Ask the Experts: Teens, Photos, and Online Privacy

Teen in sunglasses taking a selfie

My teen daughter is a frequent Instagram user. I recently discovered that she has two accounts, one of which she calls her Finstagram and says she only allows her closest friends to follow her. While I understand it’s important for teens to be able to share things with their close friends, I’m concerned that her separate account isn’t really as private as she thinks. How can I help her to stay safe?

– Photo Mom

Dear Photo,

One of the key developmental tasks of adolescence, as your daughter moves from childhood to adulthood, is to establish autonomy – to find her identity apart from her parents and to connect with her peers as an individual. Her Finstagram account is one way in which she is trying out her independence from you and preferentially bonding with peers, a normal and desirable behavior as a teen.

However, when this behavior occurs online, there are other factors to consider, such as privacy, safety, and digital citizenship. Also, teens haven’t yet fully developed executive functions such as impulse control and future thinking. In her youthful exuberance, your daughter may post images or words on social media that can compromise her present reputation and her future opportunities. Though the account may be private, once information or images are posted online, we lose control of them. Even private accounts can be screenshotted and shared widely. I encourage kids to observe what I call the “Grandma Rule”: Only post what you would be okay with your grandmother seeing.

Adults and teens understand the concept of privacy differently. Because of the normal autonomy-seeking of adolescence, many teens define privacy as “what my parents shouldn’t see,” while parents, whose executive function is more developed, understand privacy as protecting one’s identity and preserving one’s reputation.

When you speak with your daughter about her Finstagram and social media sharing in general, you can bridge the communication divide between your definitions of privacy by focusing on your concerns about her well-being and her future.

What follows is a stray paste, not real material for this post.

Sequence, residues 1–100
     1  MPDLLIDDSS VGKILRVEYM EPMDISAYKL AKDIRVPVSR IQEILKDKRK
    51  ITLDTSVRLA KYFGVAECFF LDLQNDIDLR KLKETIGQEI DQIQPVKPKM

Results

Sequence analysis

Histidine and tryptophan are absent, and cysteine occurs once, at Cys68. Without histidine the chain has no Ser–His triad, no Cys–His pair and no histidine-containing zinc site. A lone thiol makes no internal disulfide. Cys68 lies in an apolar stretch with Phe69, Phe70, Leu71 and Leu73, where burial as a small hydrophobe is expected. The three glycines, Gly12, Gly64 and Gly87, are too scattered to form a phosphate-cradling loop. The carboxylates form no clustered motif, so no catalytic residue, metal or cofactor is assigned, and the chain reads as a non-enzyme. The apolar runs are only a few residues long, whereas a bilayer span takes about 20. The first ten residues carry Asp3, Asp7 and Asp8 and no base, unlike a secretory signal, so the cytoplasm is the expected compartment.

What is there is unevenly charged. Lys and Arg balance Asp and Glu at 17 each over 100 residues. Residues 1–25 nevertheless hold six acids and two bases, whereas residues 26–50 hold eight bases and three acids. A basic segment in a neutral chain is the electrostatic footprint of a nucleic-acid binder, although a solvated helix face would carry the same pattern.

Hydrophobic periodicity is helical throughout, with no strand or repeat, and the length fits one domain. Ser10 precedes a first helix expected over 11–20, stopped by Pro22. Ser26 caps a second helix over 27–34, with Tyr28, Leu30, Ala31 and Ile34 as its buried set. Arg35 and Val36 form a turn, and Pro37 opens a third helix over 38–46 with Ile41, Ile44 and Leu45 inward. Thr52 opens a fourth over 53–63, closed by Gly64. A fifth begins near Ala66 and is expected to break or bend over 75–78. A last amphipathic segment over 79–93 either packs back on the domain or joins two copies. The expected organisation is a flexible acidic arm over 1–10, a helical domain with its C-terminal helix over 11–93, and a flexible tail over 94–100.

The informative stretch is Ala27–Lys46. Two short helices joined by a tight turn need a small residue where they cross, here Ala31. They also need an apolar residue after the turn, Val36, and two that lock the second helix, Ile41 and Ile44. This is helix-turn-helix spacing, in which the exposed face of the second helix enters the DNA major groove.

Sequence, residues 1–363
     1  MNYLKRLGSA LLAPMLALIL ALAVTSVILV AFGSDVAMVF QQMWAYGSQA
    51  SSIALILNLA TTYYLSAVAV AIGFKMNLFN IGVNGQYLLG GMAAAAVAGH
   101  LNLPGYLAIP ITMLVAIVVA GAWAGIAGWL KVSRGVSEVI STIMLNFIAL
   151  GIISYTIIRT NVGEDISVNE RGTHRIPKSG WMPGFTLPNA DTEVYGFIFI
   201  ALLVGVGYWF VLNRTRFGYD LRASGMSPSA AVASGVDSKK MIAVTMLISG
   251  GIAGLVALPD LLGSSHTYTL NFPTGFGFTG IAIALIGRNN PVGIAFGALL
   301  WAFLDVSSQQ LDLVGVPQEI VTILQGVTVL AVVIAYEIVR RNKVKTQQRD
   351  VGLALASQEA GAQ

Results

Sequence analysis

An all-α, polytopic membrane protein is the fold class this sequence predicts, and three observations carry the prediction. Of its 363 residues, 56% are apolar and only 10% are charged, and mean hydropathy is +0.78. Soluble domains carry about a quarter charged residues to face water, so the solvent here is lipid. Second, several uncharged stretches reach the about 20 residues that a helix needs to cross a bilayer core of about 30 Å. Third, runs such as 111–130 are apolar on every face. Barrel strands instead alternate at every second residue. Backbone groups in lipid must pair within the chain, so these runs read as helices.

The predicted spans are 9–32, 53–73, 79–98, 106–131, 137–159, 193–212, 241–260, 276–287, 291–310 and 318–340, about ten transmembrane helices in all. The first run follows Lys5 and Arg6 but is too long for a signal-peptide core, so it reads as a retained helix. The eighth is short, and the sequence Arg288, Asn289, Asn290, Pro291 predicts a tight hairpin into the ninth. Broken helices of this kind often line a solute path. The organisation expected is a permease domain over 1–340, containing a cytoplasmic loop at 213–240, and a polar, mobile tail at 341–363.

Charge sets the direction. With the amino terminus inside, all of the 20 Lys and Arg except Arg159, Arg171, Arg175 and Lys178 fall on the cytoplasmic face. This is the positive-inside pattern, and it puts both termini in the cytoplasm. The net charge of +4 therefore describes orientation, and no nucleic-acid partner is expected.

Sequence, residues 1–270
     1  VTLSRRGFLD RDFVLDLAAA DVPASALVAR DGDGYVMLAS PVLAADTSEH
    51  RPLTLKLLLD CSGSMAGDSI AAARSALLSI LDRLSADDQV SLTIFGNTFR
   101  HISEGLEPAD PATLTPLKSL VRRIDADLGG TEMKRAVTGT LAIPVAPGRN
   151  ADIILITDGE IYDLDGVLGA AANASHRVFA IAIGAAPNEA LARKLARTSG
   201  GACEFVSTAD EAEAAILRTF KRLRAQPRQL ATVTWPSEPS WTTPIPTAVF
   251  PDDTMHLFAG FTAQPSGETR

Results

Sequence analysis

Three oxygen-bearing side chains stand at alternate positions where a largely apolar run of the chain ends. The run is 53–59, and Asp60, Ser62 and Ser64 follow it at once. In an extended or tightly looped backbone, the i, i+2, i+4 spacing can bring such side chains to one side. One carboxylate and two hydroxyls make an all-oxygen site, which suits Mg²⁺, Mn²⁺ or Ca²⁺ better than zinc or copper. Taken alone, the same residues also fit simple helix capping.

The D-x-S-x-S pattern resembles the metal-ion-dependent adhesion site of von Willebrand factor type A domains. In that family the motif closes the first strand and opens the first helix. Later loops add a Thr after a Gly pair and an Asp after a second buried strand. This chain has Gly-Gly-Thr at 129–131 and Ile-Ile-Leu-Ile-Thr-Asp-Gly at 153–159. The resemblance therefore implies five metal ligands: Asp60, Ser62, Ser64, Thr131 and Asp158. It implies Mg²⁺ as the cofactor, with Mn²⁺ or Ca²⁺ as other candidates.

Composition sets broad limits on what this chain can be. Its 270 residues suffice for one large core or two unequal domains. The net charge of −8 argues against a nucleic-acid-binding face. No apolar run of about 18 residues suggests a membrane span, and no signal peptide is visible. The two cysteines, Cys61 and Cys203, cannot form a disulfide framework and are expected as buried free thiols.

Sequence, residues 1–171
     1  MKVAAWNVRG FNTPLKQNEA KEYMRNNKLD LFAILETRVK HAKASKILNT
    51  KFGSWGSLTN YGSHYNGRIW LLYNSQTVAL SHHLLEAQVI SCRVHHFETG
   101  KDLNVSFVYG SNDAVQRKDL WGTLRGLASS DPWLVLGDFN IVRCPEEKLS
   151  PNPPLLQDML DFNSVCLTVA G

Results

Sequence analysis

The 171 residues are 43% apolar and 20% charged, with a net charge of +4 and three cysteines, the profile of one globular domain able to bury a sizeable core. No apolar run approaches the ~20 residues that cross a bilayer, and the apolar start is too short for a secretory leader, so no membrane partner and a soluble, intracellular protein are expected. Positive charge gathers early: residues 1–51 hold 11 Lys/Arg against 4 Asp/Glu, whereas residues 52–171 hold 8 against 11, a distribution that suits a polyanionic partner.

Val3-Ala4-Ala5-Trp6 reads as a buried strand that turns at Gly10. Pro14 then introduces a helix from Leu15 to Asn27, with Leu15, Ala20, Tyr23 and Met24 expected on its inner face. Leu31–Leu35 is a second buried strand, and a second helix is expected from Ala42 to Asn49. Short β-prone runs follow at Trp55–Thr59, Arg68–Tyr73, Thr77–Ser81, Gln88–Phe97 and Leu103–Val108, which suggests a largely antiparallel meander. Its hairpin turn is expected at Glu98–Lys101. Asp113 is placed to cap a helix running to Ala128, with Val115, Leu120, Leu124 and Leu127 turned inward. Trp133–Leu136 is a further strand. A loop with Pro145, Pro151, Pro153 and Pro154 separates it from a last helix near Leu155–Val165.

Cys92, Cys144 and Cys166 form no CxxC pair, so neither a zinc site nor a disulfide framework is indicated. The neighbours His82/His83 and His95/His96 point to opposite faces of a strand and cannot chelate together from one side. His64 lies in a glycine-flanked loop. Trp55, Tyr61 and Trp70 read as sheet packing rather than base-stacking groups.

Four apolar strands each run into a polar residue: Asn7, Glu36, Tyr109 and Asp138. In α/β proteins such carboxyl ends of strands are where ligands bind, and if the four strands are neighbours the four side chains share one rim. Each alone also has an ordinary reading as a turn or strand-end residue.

When your daughter argues that her grandparent doesn’t have access to her Finsta account, you can say, “You’re right… but your friends can see your content and so can anyone they share with (and anyone they share with and on and on).” Imagine with her who else could have access to her photos, how she would feel if they saw them, and how it might make them feel to see those posts. Remind her that, depending on who they are and what they seek to learn about her, different people interpret images differently, especially when posted online without context.

Rather than demanding access to her Finstagram account (which may make her feel you want to spy on her), offer your support and advice. Acknowledge that you have much to learn about social media and the role it plays in her life. Ask to sit beside her and learn how to navigate social media, allowing you to impart observations about human nature, good and bad, and how others might receive and respond to what is posted.  Show her your desire to support and protect her, to be present for her, and to guide her to be mindful and masterful online, just as you are there for her in other aspects of her life.


Christie, D., & Viner, R. (2005). Adolescent development. BMJ (Clinical research ed.), 330(7486), 301–304.

Vanherle, R., Hendriks, H. & Beullens, K. (2022). Only for friends, definitely not for parents: Adolescents’ sharing of alcohol references on social media features. Mass Communication and Society,

Youn, S. (2005). Teenagers’ Perceptions of online privacy and coping behaviors: A risk–benefit appraisal approach. Journal of Broadcasting & Electronic Media, 49:1, 86-110,